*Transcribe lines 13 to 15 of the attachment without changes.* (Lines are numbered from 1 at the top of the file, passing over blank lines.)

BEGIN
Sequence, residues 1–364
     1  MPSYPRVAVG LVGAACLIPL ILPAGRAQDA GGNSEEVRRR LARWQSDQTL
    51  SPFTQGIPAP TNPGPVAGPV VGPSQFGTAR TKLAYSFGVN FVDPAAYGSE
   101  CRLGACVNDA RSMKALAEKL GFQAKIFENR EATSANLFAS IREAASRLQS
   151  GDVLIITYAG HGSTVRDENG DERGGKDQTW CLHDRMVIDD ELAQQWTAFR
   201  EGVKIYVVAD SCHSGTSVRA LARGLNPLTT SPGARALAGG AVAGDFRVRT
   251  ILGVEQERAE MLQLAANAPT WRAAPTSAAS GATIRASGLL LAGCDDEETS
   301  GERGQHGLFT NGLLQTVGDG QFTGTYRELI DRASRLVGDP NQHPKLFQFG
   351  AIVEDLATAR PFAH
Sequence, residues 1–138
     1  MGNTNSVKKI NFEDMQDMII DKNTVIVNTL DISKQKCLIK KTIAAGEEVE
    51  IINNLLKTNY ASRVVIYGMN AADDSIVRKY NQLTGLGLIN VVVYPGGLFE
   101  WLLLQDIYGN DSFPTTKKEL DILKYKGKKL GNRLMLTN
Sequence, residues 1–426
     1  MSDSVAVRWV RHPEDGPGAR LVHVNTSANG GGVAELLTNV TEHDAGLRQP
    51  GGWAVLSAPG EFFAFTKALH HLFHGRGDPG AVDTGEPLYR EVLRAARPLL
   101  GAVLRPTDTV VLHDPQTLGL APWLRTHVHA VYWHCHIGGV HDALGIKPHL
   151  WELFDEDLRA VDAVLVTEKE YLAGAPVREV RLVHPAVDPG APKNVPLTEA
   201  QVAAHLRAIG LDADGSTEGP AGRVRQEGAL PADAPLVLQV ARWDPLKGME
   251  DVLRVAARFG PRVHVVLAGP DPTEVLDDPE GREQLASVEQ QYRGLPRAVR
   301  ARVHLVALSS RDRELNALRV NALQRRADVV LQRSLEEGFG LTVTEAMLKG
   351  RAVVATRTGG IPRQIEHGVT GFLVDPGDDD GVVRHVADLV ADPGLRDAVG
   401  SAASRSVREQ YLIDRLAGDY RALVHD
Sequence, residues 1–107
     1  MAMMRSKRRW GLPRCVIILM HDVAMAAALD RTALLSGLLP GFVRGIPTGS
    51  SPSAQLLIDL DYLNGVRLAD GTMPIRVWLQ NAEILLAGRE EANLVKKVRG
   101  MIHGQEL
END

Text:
   101  WLLLQDIYGN DSFPTTKKEL DILKYKGKKL GNRLMLTN
Sequence, residues 1–426
     1  MSDSVAVRWV RHPEDGPGAR LVHVNTSANG GGVAELLTNV TEHDAGLRQP